Lagers require a great deal of oxygen in the wort at pitch, 12-15ppm. It seems to me you you are ignoring the elephant in the room.

I brew mostly lagers and have won for them locally, regionally and nationally. Oxygen at pitch and high pitch rates are critical to winning and for that matter a decent beer.
As far as I know he only had the problem once. It’s not systematic to his brewery. I’m speaking for him, but it seems to me he m created this thread to celebrate a success being a bad beer back to good. I don’t think he necessarily needs to change his brewing methods based on one batch among many.

This is a one-off bad batch. I cannot completely rule out lack of oxygen as a contributor, but it is doubtful. We always over pitch, 1 quart of fresh healthy slurry per 5 gallons. The yeast will actually bubble out of the gallon jug, and run down the kitchen cabinets...ask me how I know! So it is very fresh, healthy yeast.

I am still shocked that this particular beer turned out so well, after the fix was in. If I could repeat this, I would do it in a heartbeat.

If you had a lager that was basically close to finished with the ferment, and krausened it, would good things happen?

Not necessarily. Think about it....there must be a reason that is not a usual process.
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Offline Richard

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Re: From Worst To First!
« Reply #41 on: May 15, 2022, 11:43:14 am »
All I need is to prove it to myself.  That's what I believe everyone should do. Then do what works for you. When I write about my practices, I expressing what I do, not necessarily trying to encourage anyone to do the same.

I agree. Many of our brewing idiosyncrasies have been shared here. Not to encourage others, just showing what has worked (and not worked) for us. I know that folks laugh at some of the things we do. That is Ok. I enjoy a good laugh!

It was on this forum we were advised that adding oxygen by bubbling it into wort is a total waste. The O2 goes in as small bubbles, and then rapidly rises to the surface simply being expelled into the atmosphere. Very little if any oxygen gets absorbed in the wort. At least that is what I was told, and it makes sense to me.

I don't think that last part is quite true. I remember you saying that you "blasted" the wort with oxygen for x minutes. I pointed out that a high flow of oxygen is wasteful and that you should inject the oxygen slowly so that it forms small bubbles that can barely be seen at the surface. I didn't say that any oxygen injection is a total waste, just that it can be inefficient if done aggressively.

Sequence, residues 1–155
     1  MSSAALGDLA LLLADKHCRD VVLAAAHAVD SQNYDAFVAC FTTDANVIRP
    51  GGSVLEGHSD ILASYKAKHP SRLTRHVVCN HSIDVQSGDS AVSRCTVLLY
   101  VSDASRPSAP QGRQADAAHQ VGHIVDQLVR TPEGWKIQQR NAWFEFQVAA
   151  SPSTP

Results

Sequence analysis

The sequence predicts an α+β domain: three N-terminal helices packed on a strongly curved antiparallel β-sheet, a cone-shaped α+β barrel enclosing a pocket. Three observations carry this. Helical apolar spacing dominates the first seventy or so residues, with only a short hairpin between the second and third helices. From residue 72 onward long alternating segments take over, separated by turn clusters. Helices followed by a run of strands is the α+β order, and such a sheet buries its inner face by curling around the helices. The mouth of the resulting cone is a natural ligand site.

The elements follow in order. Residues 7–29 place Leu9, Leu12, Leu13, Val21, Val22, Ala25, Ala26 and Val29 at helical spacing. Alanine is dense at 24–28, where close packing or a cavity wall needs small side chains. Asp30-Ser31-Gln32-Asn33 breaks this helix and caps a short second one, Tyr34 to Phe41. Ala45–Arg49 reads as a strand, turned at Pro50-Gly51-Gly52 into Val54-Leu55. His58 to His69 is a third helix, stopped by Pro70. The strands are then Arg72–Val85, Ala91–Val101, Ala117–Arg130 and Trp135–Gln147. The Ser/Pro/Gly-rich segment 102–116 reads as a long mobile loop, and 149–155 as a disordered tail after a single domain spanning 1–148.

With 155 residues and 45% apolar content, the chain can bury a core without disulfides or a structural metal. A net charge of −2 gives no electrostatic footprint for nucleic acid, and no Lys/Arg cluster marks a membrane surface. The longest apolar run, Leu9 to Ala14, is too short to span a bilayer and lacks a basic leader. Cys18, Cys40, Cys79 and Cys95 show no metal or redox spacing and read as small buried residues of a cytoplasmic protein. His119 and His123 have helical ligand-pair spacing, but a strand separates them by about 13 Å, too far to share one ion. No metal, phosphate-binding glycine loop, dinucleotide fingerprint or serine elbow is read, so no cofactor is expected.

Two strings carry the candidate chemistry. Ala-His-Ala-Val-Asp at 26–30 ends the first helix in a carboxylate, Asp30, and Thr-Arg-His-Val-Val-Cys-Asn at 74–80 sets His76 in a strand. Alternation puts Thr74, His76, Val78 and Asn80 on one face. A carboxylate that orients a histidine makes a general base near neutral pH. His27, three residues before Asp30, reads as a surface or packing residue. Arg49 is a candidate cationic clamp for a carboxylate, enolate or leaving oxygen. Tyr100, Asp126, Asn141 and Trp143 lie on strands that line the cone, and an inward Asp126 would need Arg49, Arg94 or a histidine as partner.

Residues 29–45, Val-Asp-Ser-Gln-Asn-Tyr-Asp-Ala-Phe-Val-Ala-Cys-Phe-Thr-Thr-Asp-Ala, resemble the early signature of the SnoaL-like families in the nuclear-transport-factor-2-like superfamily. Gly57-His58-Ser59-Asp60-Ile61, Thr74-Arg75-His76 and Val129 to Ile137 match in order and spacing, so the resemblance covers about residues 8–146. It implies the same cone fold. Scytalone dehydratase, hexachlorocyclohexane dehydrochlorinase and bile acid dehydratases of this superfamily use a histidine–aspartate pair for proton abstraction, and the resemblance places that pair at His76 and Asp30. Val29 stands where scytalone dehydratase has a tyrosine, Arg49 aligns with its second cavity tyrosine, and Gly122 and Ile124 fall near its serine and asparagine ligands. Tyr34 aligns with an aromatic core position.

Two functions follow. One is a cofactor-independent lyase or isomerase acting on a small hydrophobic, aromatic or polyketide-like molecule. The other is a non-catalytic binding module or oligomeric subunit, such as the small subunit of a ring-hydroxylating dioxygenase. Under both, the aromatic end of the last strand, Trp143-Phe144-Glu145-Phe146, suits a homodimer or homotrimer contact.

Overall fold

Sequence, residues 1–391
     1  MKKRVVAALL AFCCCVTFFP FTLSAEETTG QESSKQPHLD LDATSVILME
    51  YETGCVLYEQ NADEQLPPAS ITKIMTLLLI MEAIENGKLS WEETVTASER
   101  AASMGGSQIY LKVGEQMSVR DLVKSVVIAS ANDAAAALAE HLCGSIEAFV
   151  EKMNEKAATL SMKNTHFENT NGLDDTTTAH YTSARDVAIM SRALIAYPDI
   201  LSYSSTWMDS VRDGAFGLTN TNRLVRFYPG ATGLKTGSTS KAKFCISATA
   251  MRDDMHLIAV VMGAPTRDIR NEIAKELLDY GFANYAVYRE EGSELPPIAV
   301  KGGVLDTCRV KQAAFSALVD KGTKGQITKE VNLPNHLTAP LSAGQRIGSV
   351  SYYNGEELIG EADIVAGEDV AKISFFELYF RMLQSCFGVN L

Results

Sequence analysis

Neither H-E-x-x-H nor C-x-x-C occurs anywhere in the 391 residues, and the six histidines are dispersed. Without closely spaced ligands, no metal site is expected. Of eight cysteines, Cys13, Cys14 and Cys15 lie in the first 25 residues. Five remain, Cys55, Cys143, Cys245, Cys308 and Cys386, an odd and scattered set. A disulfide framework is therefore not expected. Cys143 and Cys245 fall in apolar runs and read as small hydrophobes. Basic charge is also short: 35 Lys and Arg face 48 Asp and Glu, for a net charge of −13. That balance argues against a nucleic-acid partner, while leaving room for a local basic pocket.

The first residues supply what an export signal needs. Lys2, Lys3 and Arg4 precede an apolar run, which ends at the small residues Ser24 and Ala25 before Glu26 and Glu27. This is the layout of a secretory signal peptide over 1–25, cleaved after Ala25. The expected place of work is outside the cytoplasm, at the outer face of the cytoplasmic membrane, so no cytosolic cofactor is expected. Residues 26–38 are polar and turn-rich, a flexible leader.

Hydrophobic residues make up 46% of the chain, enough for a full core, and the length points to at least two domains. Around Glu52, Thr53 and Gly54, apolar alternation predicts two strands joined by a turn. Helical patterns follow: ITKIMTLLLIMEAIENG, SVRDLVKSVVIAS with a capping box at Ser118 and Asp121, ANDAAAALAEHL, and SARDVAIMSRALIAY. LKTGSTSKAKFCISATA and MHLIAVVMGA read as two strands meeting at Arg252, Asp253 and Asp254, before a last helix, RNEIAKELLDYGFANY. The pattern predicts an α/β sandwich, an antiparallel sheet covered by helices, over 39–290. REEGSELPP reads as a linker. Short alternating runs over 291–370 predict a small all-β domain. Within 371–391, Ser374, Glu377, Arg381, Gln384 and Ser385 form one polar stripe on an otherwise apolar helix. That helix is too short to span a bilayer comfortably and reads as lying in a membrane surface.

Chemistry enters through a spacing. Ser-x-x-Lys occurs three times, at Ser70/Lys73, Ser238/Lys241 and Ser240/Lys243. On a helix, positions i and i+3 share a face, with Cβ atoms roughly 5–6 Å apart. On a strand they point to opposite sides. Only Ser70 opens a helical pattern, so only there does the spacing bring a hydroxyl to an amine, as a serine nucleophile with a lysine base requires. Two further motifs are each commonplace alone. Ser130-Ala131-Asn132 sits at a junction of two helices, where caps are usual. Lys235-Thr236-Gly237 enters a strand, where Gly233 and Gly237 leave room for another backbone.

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Offline BrewBama

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From Worst To First!
« Reply #42 on: May 15, 2022, 12:27:47 pm »
…a high flow of oxygen is wasteful … inject the oxygen slowly so that it forms small bubbles that can barely be seen at the surface. …

Good information
« Last Edit: May 15, 2022, 12:30:30 pm by BrewBama »

Offline Bel Air Brewing

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Re: From Worst To First!
« Reply #43 on: May 15, 2022, 12:28:58 pm »
All I need is to prove it to myself.  That's what I believe everyone should do. Then do what works for you. When I write about my practices, I expressing what I do, not necessarily trying to encourage anyone to do the same.

I agree. Many of our brewing idiosyncrasies have been shared here. Not to encourage others, just showing what has worked (and not worked) for us. I know that folks laugh at some of the things we do. That is Ok. I enjoy a good laugh!

It was on this forum we were advised that adding oxygen by bubbling it into wort is a total waste. The O2 goes in as small bubbles, and then rapidly rises to the surface simply being expelled into the atmosphere. Very little if any oxygen gets absorbed in the wort. At least that is what I was told, and it makes sense to me.

I don't think that last part is quite true. I remember you saying that you "blasted" the wort with oxygen for x minutes. I pointed out that a high flow of oxygen is wasteful and that you should inject the oxygen slowly so that it forms small bubbles that can barely be seen at the surface. I didn't say that any oxygen injection is a total waste, just that it can be inefficient if done aggressively.

I think we did this, once or twice. There was no noticeable improvement in the beer, as I recall.
We have a diffuser, so the bubbles were tiny, micro-bubbles. We never did this again after my initial post on this forum about the procedure.
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Offline MDL

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Re: From Worst To First!
« Reply #44 on: May 15, 2022, 12:48:17 pm »
Just to clarify things I have always thought of krausening as the practice of adding actively fermenting wort to a batch that is nearly at terminal gravity. Typically on the way to the lagering tank or in the case of Weiss beer to carbonate in the bottle.

This is a very common practice in German breweries that don’t spund or ferment lagers in open fermenters. The benefits are numerous and it is a key process step in lager brewing.

Again, this is as I understand it.